Sayantani Jana is a Ph.D. candidate in the History Department at the University of Southern California. She specializes in Comparative Genocide Studies with particular interest in the history of the Holocaust and the history of 20th century South Asia. She is currently developing a comparative project on the Kristallnacht of 1938 in the city of Berlin and the 1946 Great Calcutta Killings in India during the Partition era. Her project undertakes close micro-historical research on each event to understand the relationship of the urban landscape to violence, victim and perpetrator behavior, gendered experiences of violence, and the memory cultures that have developed around each event in the aftermath. Sayantani is particularly interested in using oral testimonies and police reports, along with mapping methods, to understand how victims and perpetrators navigated urban space during each event, as well as the conditions within the urban landscape that enabled, influenced and sustained the momentum of violence. On a macro historical comparative level, her project juxtaposes these two events to raise questions and complicate the existing international discourse around riots and pogroms. Sayantani currently holds research fellowships from the German Historical Institute and the Central European Historical Society. She received her Masters in English Literature in 2016 from the Jawaharlal Nehru University in India.
Muriel Leung is the author of Bone Confetti, winner of the 2015 Noemi Press Book Award. A Pushcart Prize nominated writer, her writing can be found in The Baffler, Cream City Review, Gulf Coast, The Collagist, Fairy Tale Review, and others. She is a recipient of fellowships to Kundiman, VONA/Voices Workshop, Community of Writers, Blue Mountain Center, and Sundress Academy for the Arts. She is the Poetry Co-Editor of Apogee Journal. She also co-hosts The Blood-Jet Writing Hour podcast with Rachelle Cruz and MT Vallarta. She is a member of Miresa Collective, a feminist speakers bureau. She is a Dornsife Fellow in Creative Writing and Literature at the University of Southern California where her creative and critical work focuses on the intersections of trauma studies, affect theory, and Asian American literature.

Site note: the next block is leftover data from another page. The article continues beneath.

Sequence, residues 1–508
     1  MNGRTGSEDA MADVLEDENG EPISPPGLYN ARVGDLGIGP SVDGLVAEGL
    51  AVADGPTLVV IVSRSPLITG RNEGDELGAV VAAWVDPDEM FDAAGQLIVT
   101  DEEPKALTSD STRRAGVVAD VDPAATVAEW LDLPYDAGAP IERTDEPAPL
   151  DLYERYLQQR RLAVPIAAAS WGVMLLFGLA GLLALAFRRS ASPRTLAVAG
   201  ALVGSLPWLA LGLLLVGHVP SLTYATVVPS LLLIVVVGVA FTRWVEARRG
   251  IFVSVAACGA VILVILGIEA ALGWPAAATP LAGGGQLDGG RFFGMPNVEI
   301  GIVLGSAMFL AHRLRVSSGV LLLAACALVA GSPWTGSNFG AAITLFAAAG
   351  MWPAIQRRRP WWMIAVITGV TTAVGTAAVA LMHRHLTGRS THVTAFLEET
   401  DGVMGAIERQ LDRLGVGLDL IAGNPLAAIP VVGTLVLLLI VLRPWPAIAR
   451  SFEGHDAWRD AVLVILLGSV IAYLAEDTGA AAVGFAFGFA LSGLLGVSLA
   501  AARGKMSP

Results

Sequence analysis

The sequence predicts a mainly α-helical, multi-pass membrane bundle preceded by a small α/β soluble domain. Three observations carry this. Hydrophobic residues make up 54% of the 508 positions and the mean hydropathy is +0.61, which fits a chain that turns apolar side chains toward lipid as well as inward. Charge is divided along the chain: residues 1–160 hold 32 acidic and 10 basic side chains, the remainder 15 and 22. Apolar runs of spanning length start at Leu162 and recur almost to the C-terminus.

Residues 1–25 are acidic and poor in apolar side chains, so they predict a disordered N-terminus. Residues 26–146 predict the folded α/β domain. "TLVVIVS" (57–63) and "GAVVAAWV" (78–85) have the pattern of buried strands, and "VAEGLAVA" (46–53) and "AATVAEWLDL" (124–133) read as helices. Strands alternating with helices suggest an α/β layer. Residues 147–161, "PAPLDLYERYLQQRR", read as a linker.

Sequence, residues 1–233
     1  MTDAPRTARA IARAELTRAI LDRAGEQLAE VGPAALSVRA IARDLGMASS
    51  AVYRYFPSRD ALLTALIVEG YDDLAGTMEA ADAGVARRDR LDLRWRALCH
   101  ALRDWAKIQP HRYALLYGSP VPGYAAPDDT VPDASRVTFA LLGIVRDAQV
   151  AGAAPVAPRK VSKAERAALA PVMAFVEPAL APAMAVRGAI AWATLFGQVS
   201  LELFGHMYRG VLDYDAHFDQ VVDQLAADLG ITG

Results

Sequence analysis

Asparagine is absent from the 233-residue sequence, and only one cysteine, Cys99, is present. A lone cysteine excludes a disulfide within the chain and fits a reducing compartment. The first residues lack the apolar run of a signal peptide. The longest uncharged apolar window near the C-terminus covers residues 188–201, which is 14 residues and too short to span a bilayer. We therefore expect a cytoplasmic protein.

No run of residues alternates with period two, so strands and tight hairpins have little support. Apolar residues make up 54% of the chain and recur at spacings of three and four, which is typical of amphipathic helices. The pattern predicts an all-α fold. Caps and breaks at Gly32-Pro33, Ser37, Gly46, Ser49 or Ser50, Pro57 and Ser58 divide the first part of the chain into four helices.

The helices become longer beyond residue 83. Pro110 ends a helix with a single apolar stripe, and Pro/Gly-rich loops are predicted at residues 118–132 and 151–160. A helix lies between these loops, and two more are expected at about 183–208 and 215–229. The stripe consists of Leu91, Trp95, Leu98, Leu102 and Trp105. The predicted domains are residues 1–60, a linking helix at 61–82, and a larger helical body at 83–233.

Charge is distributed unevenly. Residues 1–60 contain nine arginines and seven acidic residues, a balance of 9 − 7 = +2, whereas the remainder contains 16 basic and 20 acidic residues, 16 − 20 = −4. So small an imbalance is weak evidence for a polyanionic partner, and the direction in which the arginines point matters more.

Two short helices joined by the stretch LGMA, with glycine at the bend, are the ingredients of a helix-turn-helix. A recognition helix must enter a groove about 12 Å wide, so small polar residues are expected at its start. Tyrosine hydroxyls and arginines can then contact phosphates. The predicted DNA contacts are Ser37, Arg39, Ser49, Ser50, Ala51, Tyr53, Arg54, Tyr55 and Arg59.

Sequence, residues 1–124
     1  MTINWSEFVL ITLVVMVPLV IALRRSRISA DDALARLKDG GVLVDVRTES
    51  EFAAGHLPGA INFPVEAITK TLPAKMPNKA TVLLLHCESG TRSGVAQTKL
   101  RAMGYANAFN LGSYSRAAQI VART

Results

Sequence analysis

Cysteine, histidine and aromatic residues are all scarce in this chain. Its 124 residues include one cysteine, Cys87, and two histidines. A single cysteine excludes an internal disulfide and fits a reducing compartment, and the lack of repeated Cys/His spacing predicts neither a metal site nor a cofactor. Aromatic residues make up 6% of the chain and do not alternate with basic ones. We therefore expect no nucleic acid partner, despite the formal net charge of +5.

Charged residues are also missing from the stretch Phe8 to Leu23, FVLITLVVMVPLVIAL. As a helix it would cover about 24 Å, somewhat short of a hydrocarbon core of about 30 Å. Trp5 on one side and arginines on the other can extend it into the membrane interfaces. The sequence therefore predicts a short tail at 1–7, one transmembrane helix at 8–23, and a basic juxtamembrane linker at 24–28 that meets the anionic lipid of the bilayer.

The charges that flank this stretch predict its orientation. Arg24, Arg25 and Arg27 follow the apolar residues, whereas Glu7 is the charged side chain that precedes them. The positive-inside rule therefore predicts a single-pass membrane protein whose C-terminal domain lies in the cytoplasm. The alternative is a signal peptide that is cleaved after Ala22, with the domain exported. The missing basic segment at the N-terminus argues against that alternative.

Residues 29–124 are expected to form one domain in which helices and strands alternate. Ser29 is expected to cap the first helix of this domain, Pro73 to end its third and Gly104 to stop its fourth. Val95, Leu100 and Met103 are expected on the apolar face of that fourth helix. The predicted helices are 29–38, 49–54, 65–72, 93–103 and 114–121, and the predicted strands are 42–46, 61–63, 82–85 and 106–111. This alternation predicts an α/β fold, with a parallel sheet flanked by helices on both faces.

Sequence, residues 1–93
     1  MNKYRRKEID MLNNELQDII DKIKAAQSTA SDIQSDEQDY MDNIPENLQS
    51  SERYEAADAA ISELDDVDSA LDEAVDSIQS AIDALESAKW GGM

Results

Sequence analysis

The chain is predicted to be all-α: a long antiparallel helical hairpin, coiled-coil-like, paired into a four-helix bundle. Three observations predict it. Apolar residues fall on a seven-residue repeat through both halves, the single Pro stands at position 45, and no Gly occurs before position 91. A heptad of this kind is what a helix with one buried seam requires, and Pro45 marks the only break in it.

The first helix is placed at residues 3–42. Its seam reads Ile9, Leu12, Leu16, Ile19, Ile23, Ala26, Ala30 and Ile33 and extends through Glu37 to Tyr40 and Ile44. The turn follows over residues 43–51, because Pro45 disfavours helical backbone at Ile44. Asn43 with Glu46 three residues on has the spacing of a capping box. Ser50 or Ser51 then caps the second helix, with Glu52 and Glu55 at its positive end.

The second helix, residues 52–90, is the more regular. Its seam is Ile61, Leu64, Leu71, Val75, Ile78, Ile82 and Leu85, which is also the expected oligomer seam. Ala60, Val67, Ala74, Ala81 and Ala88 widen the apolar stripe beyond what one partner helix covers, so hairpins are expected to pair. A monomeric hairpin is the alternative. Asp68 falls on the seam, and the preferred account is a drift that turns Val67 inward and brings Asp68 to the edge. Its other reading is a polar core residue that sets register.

Dissertation Title: “Wild Grammars”
Current Postion: Visiting Writer at Arizona State University
Michelle Vasquez Ruiz is a Ph.D. candidate and Provost Fellow in the department of American Studies and Ethnicity at USC. Through the usage of oral histories, archival research, and digital mapping, her work analyzes the ways Indigenous populations in Los Angeles have historically navigated spatial and racial inequalities in the city. Currently she serves as a researcher for the Mapping Indigenous LA project at UCLA and as a curator for the Boyle Heights Museum in Los Angeles. Since the museum’s foundation in 2017 she has worked with various universities, archival institutions and community organizations to create exhibits that highlight the enriching history of Boyle Heights. She strongly believes in the museum's mission to “preserve and celebrate the multi-ethnic history of Los Angeles.” She holds a BA in Political Science and Chicano Studies from the University of California, Irvine and an MA in History from California State University, Los Angeles.